As the roads become increasingly slippery, more auto accidents are occurring at an alarming rate. The sharp or sudden stops are causing whiplash injuries to not only the driver but all the passengers involved. These injuries unfortunately do not always cause sudden pain but can manifest over time and are not limited to motor vehicles accidents. They also occur from falls, sports injuries, work injuries, and other incidents.
Whiplash is a generic term applied to injuries of the neck caused when the neck is suddenly and/or violently jolted in one direction and then another, creating a whip-like movement. Whiplash injuries most often result in sprain-strain of the neck. The ligaments that help support, protect, and restrict excessive movement of the vertebrae are torn, which is called a sprain. The joints in the back of the spine, called the facet joints, are covered by ligaments called facet capsules, which seem to be particularly susceptible to a whiplash injury.
When the muscles and tendons are strained—stretched beyond their normal limits, the discs between the vertebrae, which are essentially ligaments, can be torn, potentially causing a disc herniation. As this occurs the nerve roots between the vertebrae may also be stretched and become inflamed. Even though it is very rare, vertebrae can be fractured and/or dislocated in a whiplash injury.
What Are Common Signs and Symptoms of Whiplash
The most common symptoms of whiplash are pain and stiffness in the neck. These symptoms are generally found in the areas that are “whiplashed.” For example, during a whiplash, first the head is lifted up from the upper-cervical spine. This creates a sprain/strain in the region just below the skull, where symptoms usually occur. Symptoms may also commonly be seen in the front and back of the neck. Turning the head often makes the pain and discomfort worse.
Headache, especially at the base of the skull, is also a common symptom, seen in more than two thirds of patients. These headaches may be one-sided (unilateral) or experienced on both sides (bilateral). The pain and stiffness may extend down into the shoulders and arms, upper back, and even the upper chest.
In addition to the musculoskeletal symptoms, some patients also experience dizziness, difficulty swallowing, nausea, and even blurred vision after a whiplash injury. While these symptoms are disconcerting, in most cases, they disappear within a relatively short time. If they persist, it is very important to inform your doctor that they are not resolving. Vertigo (the sensation of the room spinning) and ringing in the ears may also be seen, as well as some patients may feel pain in the jaw. Others will even complain of irritability, fatigue, and difficulty concentrating. These symptoms also resolve quickly in most cases. In rare cases, symptoms can persist for weeks, months, or even years.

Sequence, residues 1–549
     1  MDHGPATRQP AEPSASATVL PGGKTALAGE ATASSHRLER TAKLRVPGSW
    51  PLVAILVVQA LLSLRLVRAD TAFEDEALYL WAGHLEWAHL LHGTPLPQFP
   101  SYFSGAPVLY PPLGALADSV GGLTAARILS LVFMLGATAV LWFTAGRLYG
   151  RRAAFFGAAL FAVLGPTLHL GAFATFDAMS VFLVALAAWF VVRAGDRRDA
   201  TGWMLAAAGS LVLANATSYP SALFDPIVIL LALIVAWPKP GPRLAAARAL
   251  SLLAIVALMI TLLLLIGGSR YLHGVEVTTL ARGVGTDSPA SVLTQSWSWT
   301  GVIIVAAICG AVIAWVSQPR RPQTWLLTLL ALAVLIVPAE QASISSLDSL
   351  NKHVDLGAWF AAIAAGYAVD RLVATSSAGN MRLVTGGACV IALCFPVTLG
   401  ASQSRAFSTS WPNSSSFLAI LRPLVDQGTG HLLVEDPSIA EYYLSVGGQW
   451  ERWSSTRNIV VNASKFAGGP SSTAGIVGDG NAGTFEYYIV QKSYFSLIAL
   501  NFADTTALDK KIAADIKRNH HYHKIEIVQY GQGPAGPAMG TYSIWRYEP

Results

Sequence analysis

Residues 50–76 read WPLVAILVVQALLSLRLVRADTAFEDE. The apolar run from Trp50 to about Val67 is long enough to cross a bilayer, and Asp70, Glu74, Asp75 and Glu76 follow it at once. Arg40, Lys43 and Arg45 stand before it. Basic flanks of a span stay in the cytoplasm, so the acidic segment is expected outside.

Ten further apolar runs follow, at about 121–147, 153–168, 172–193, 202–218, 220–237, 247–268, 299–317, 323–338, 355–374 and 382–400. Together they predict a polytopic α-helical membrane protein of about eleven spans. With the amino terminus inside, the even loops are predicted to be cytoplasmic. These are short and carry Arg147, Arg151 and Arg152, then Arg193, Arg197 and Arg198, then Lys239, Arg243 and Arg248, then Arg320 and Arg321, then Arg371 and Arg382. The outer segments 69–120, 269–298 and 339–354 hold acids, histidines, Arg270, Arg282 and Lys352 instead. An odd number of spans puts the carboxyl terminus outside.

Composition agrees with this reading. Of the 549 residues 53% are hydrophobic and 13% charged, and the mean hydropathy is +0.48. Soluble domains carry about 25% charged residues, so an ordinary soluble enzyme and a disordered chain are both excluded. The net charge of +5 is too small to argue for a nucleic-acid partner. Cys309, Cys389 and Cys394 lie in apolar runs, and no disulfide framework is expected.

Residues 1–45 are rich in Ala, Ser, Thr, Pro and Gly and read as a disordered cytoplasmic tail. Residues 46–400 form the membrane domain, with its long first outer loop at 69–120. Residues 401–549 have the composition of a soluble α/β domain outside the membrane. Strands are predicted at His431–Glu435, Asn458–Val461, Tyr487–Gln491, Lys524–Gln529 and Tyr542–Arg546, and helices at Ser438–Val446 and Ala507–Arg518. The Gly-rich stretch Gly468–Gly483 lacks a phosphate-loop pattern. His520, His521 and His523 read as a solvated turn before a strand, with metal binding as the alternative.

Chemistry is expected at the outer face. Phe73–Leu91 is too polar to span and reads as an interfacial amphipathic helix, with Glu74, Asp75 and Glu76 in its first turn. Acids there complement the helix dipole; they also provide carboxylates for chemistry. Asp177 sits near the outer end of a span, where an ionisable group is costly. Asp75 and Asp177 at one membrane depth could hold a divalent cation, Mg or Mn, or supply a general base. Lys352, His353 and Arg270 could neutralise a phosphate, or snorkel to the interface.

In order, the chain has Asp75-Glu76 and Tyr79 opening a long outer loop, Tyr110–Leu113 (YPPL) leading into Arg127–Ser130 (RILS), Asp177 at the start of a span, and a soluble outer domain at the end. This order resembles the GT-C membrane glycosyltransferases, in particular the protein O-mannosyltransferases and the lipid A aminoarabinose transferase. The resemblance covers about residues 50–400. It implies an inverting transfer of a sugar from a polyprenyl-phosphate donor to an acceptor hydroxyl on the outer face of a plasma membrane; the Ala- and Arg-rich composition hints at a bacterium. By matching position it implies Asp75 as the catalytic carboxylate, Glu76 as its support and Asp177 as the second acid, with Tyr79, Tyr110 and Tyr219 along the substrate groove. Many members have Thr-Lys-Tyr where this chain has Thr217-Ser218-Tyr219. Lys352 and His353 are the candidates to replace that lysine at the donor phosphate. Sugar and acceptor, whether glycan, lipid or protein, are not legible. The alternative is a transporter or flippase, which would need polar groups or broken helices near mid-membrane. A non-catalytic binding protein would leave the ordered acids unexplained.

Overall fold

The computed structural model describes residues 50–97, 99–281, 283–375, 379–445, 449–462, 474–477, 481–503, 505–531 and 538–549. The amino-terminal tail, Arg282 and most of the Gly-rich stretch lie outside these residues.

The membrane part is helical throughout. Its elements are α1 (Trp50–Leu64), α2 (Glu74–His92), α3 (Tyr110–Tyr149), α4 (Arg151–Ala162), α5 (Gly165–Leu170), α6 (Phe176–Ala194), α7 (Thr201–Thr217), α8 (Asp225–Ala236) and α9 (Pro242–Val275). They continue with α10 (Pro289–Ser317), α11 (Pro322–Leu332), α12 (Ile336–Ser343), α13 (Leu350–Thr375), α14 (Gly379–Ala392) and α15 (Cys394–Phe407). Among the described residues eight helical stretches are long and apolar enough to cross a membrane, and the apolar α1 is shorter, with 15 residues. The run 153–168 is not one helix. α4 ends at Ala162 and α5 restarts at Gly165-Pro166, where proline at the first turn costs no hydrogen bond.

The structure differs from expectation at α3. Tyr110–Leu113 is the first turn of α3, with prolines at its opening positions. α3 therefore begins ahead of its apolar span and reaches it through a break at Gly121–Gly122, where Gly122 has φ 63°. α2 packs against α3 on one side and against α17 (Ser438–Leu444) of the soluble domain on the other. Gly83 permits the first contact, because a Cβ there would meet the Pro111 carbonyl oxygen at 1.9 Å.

Treatment of Whiplash
One of the most important aspects of whiplash management is for the patient to stay active, unless there is some serious injury that requires immobilization. Patients should not be afraid to move and be active, within reason. In addition, your doctor will often prescribe an exercise or stretching program. It is particularly important to follow this program as prescribed, so that you can achieve the best long-term benefits.
Chiropractic Treatments and Physical Therapy
Chiropractic treatments provided by a chiropractor will provide neck pain relief and begin structural corrections of any misalignments that are identified. Ice and/or heat are often used to help control pain and reduce the muscle spasm that results from whiplash injuries. Other physical therapy modalities, such as electrical stimulation and/or ultrasound, may also provide short-term relief. They can, however, be very complimentary to an active-care program of exercise and stretching.
How We Can Help!
If you have suffered in an accident that has resulted in a whiplash injury, call today and schedule an in depth examination and consultation so we can help you stop the pain quickly and avoid other hazards to your health.
For Your Health,
Dr. Ryan Moorman